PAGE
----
A debt default by the United States would have a catastrophic knock-on effect around the world, economists have said.
ROME, June 1 (Xinhua) -- European markets breathed a sigh of relief on Thursday after lawmakers in the United States appeared poised to pass a measure that would avoid a debt default by the world's largest economy.
On Thursday, all of Europe's main financial markets finished the trading day in the black on the news that the U.S. House of Representatives had smoothly passed a bill that would suspend the country's debt ceiling. The Senate is expected to follow suit and pass the measure on Friday or over the weekend.
Without this bill, the U.S. would risks defaulting on its debt for the first time ever. A debt default by the United States would have a catastrophic knock-on effect around the world, economists have said.
Markets were also boosted by preliminary estimates showing that inflation in the eurozone declined in May after a rise in April. That could ease pressure on the European Central Bank, which has been raising interest rates to reduce inflation.
In Milan, the Italian Stock Exchange's blue-chip index added 2.0 percent, while Germany's stock exchange in Frankfurt gained 1.0 percent. In Paris, stocks stood 0.6 percent higher, while in Amsterdam they added 1.0 percent and in Madrid, the main index gained 1.3 percent.
Trading in Italy reached a particularly high volume on Thursday given that this was the last trading day of the week. This Friday is a national holiday in Italy.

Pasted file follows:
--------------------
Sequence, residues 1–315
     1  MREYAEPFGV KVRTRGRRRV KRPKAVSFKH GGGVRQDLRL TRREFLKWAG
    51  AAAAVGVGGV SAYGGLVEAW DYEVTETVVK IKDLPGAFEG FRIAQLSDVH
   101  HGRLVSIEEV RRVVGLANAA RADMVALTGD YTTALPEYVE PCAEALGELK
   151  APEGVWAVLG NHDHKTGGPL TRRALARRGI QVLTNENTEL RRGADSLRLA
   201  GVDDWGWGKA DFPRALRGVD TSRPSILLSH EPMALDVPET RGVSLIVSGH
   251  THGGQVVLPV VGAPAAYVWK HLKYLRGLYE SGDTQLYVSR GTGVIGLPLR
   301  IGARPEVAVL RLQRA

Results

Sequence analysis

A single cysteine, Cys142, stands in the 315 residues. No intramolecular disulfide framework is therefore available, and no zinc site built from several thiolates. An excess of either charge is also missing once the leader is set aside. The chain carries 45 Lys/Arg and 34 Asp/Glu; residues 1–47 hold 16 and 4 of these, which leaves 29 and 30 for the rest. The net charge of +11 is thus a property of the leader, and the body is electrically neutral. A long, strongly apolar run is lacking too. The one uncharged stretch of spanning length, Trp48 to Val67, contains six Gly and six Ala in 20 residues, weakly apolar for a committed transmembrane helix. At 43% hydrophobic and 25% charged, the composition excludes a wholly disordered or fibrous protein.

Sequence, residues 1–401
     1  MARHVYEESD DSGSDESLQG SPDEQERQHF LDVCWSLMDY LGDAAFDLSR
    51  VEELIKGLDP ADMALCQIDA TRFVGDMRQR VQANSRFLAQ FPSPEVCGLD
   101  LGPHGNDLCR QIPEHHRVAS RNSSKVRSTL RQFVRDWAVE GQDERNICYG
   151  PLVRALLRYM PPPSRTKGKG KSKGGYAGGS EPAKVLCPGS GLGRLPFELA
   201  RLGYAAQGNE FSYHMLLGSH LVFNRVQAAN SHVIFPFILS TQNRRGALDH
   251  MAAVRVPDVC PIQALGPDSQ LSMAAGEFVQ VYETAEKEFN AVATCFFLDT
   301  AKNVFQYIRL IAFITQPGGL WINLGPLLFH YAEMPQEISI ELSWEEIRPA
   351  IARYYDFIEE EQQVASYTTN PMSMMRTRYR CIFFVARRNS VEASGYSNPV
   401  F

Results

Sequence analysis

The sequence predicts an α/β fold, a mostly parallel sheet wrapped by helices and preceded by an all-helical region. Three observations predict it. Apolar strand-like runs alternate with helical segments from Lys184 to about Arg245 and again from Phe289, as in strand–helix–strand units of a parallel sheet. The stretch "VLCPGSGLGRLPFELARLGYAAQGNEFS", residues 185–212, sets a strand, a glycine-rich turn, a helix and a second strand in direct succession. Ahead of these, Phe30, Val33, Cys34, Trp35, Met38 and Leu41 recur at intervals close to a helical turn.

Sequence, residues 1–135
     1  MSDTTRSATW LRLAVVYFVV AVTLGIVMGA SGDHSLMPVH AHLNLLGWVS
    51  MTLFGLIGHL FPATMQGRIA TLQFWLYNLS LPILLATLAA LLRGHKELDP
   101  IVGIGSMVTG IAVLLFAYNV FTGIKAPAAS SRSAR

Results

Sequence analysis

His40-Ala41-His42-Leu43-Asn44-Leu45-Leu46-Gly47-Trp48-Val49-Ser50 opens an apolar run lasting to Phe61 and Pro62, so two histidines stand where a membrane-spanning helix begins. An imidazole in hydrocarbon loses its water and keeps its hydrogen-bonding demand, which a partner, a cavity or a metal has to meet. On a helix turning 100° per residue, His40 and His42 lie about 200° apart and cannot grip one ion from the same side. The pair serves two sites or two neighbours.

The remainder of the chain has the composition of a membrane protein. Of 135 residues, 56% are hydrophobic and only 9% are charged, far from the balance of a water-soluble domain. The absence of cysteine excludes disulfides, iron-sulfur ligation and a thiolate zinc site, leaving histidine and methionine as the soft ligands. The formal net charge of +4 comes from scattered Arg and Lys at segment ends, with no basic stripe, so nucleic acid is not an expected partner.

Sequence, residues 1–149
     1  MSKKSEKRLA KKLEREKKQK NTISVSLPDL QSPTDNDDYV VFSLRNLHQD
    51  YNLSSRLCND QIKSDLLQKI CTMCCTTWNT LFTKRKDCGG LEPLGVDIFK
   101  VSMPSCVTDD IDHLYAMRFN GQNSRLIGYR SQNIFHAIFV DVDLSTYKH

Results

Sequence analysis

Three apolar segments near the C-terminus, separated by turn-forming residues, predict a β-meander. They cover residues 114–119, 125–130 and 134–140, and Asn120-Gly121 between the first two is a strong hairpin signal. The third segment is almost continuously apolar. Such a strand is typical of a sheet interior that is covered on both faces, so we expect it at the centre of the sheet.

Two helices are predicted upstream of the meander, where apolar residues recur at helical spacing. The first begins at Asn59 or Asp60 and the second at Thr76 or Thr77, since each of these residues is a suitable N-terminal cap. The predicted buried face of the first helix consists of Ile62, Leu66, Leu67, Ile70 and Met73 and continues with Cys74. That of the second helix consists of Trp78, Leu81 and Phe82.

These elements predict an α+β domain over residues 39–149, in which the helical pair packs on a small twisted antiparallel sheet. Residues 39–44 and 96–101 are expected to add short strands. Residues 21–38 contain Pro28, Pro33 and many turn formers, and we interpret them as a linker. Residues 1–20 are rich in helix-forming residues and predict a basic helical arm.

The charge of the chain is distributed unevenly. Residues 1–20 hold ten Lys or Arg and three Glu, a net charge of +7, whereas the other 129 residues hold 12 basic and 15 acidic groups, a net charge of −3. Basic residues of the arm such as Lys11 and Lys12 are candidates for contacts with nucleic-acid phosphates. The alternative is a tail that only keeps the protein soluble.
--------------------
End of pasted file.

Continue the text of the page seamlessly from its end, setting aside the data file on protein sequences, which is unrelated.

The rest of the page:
In London, Europe's largest stock exchange by market capitalization, the blue-chip index gained 0.6 percent. The United Kingdom is not a member of the 20-nation eurozone.
Among the market leaders were banking stocks and the shares of companies with high exposure to U.S. markets. Those companies would have suffered the most had the United States defaulted on its debt payments.
The good news from the other side of the North Atlantic came just in time to restore investor confidence in Europe, after data released this week showed that Germany, Europe's largest economy, had entered into a technical recession, meaning that its economy had back-to-back economic quarters of negative growth.
Like most European economies, Germany's contracted in the final quarter of 2022, shrinking by 0.5 percent. But while preliminary data show other major European economies registered at least a mild growth in the first quarter of this year, the German economy contracted further by 0.3 percent.
According to economists, the European economies still face other risks, including a persistently high inflation, which despite a downward trend in May, still remains well above the historical average. Moreover, high-interest rates, trade routes disrupted by the ongoing conflict between Russia and Ukraine, and sluggish economic growth prospects are also weighing on the bloc's economies.